“The CAVE is the best way to explore three-dimensional data, and being both immersive and interactive it helps students and researchers studying human-machine interaction and communication,” explained Friedhelm Birk, managing director of 3Dims GmbH. “It has very practical applications in joint projects with a host of industry disciplines, including car manufacturing and design, human interaction with machines, 3D electronic modelling, oil and gas exploration, medicine and architecture.”
The eight F20 sx+ projectors used in Four Space 110 are fitted with Infitec stereoscopic channel filters for the reproduction of 12 million pixel 3D images and are integrated with a Fujitsu Siemens Celcius Workstation, nVida graphic cards and IC:IDO immersive software. The intuitive control is managed by six optical ART tracking cameras, which track and map core head and hand positions using X, Y and Z coordinates. These coordinates are then fed back into the graphics cluster and the scene is calculated for exactly where the subject is looking for analysis.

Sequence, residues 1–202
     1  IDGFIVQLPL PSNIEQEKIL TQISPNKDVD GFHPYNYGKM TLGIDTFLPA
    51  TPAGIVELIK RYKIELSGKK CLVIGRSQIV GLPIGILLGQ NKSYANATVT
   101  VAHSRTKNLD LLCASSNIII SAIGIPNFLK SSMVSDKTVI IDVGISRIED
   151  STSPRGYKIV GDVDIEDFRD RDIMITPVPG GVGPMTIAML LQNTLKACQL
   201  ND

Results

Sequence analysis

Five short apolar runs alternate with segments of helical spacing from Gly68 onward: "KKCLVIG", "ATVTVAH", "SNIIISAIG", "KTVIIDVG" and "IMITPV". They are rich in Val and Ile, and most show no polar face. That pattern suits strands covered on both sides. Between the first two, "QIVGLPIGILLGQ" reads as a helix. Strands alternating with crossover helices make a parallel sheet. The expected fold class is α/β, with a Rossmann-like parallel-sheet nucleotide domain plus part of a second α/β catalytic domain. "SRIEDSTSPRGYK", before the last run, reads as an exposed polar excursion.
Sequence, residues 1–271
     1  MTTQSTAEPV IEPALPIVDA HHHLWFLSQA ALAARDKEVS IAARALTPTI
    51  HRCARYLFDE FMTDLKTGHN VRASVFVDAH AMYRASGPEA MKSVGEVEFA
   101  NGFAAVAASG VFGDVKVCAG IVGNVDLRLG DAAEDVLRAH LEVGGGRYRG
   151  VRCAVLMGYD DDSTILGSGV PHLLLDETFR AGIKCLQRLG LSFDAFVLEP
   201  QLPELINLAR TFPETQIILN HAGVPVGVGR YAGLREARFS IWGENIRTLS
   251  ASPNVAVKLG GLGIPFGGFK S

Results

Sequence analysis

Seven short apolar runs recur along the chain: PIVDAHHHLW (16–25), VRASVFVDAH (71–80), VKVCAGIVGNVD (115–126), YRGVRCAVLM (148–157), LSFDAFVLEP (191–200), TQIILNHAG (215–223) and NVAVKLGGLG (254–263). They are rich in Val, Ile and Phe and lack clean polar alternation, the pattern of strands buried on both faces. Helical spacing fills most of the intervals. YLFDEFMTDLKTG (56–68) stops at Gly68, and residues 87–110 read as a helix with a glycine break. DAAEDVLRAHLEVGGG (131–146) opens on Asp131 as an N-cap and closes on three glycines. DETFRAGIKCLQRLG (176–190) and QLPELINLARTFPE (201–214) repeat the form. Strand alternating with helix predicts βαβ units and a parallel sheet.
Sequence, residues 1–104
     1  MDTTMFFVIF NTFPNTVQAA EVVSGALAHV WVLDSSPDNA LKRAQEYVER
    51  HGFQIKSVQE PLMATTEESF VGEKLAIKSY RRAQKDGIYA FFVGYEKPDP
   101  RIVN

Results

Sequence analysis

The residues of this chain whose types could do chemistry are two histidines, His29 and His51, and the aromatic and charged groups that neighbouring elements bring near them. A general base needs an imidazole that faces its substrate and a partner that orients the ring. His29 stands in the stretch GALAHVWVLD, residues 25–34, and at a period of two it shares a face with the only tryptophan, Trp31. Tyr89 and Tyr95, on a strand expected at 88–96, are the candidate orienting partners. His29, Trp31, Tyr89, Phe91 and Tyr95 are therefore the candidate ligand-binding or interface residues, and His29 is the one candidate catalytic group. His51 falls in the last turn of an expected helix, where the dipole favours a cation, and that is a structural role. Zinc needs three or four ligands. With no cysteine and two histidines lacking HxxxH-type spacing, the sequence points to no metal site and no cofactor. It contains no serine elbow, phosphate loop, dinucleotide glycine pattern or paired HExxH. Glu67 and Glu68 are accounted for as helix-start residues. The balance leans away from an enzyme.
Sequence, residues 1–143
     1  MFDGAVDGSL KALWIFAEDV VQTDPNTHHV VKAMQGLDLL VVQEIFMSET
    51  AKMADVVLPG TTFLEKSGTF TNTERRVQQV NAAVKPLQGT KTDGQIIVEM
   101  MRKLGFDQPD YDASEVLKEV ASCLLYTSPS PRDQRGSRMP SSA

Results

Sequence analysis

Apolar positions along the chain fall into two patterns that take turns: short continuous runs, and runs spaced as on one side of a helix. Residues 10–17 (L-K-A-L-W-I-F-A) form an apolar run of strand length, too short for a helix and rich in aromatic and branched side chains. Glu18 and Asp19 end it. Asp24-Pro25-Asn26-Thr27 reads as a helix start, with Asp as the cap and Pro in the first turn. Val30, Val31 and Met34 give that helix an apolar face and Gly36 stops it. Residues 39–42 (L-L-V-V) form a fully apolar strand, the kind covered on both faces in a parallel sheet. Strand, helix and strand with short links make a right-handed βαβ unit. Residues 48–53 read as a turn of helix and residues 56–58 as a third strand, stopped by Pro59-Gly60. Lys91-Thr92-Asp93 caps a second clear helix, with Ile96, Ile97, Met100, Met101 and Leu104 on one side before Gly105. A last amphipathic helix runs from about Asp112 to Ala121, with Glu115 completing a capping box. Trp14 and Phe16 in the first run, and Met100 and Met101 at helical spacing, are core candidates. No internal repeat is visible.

“In typical installations, computer-aided virtual environments, or CAVEs as they are commonly referred to, can tend to be very large in size and use cumbersome DLP projectors. Where space is at a premium, using our F20 sx+ DLP projectors, makes way for CAVEs that are a lot easier to integrate in various environments,” Anders L_kke, international marketing and communications manager at projectiondesign, told II. “Each projector has built-in Infitec stereoscopic channel filters which are key to the CAVE 3D environment in presenting accurate and high-resolution graphical data for 3D stereo visual immersion and interaction. This is opposed to using polarised 3D stereo which tends to lose the 3D effect of the five walls, as the effect is highly dependent on the viewing angles. Going forward, projectiondesign is looking at releasing revolutionary active 3D projectors as we are finding that today it’s one of the bigger topics of the audiovisual market.”